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Prevention Point is working its own needs assessment, says the organization's chief, Roslyn Allen, so "injectors can tell us what, when, and where" to do exchanges. Allen, with a master's in clinical psychology, has headed the group since January. She says Prevention Point is establishing a program to screen active injectors and teach them proper injection techniques, with the goal of having them teach their comrades - in a phrase, peer-group education. But this program requires funding that Prevention Point has not yet received, she says.
The exchanges are also "a conduit for all kinds of information," Sheigla Murphy, a researcher for the Institute for Scientific Analysis. "People are able to access information about social services [and] drug treatment programs," she adds. ISA is completing a three-year qualitative study on how needle exchanges work or don't work. Key among the successful programs are those that teach people the correct way to self-inject, as well as overall safety tips, she adds. The information is getting to IDUs, Murphy says, to the point that "you're really seeing people, especially the younger users, who wouldn't even think of sharing [a needle]." And if they do share, she adds, they know to disinfect them with bleach.
There's time to observe people's routines at Webster Street. A couple of guys walk up and one starts counting points out. Kral notices that each one has a little X,C, or O on it.
"Hey, what's your system? I always like to ask," Kral says to the client, who makes a response I don't catch, gets his fresh points, and walks away.
I ask Kral what was up. He tells me that sometimes when people live in a house with several users, they mark their needles so that no one shares a needle with anyone else.
Good system, I remark.
Sure, Kral says, they love that. He maintains that heroin users are very ritualistic, and part of doing the drug is doing the ritual. Lay things out just so, in this order, cook things, mark things, clean things. It's part of the process, he says.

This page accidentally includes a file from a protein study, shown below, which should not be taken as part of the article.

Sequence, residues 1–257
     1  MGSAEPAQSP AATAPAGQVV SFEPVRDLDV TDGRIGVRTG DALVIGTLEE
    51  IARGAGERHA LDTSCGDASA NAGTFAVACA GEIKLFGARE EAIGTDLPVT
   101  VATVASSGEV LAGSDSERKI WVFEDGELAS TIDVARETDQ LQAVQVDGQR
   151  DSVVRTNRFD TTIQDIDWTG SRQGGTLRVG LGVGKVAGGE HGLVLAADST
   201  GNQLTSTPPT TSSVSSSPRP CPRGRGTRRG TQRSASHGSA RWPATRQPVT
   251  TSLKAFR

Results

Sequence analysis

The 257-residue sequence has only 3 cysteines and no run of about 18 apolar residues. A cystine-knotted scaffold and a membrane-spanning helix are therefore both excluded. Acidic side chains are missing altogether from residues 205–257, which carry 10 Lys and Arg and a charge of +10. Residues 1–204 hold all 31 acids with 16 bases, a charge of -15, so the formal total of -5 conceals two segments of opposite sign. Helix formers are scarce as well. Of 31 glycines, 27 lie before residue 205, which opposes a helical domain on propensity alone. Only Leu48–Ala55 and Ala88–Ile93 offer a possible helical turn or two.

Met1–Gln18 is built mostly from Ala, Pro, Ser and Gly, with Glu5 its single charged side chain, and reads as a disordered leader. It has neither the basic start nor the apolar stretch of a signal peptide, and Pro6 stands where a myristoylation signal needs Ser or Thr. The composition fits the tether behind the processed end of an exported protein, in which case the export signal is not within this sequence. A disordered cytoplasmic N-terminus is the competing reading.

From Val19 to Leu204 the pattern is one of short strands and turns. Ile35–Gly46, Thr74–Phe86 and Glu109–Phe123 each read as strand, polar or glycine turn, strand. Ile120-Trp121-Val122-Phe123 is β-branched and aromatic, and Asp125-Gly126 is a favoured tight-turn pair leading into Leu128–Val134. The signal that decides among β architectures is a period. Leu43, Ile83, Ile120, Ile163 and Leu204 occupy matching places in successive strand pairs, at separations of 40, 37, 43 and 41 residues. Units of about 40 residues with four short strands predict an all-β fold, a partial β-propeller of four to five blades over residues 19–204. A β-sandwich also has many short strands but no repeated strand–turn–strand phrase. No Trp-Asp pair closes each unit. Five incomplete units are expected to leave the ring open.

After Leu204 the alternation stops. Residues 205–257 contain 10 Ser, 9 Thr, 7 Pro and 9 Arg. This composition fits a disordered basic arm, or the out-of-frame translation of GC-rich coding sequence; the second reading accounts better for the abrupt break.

Like a superstitious baseball pitcher? Yup, Kral says, saying that one reason the "Bleachman" ad campaign was so succesful a couple of years back - with its cartoon-superhero bleach bottle and no-nonsense safety instructions - is that addicts were open to adding another intricacy to the heroin ritual. Ah-hah. Now we flush each point with Clorox, then with water. That's the drill. Got it.
A clearly wacked citizen pulls up in a mid-' 70s Mercury to exchange his points. I mentally note that his motor control is impaired, which is a polite way to say he's reeling. On what I have no clue.
"Hey, the car!" Pearson says.
"That's the car," the client slurs.
"We've been hearing about this car, and here it is," Pearson says to me. "How's it running?"
"Coils, man. Coils keep burning out."
Pearson, the client, and the nurse practitioner commence a Guy Car Talk that's indistinguishable from any other conversation guys have about cars. The needles are almost, but not quite, an aside.
Prevention Point must be doing something right to keep attracting IDUs but what do heroin users themselves think about needle exchange? It's hard to tell from just talking with them. THe dozen or so IDUs I spoke to acknowledged that the needle exchange makes their lives a little easier, but they are so "universally reviled," in John Watters' words, that they keep a low profile in the face of the System, including reporters, and talk only reluctantly.
One night at an exchange, a pale, unshaven man in jeans and a sweat shirt approaches. He turns in his points, and while he does so I ask some questions. He says he does injectable amphetamines rather than heroin. How often, I ask? "Maybe twice a week," he explains, clearly ill at ease, then walks away. A volunteer asks me what the client said, and then seems impressed that he has maintained a consistent story from week to week. I remark that twice a week seems like too low a number to require 20 syringes, until the volunteer explains that those two episodes could be two - to three-day binges or injections at 30-minute to one-hour intervals.
While there are no hard and fast numbers on heroin-related crime or mortality in San Francisco, needle exchange isn't making a dent in those statistics. The SFPD does not parse heroin arrests from other opiate arrests; its figures show that total opiate arrests have crept upward since 1990 when there were 5,157 arrests for crimes relating to opiate drugs. Last year there were 6,363 arrests.
Heroin-related deaths are on the rise in San Francisco, reports Donna Allison, forensic lab manager at the San Francisco medical examiner's office. During fiscal year 1990-91 there were 48 heroin-related deaths in the city compared to 113 in 1993-94. But it would be a mistake to link the increase in heroin-related deaths to the much-ballyhooes increase in heroin purity. SFPD Capt. Greg Corrales reports that over the last two decades, the purity of street heroin in San Francisco has only gradually risen from the 3 percent range to an average 35 percent purity.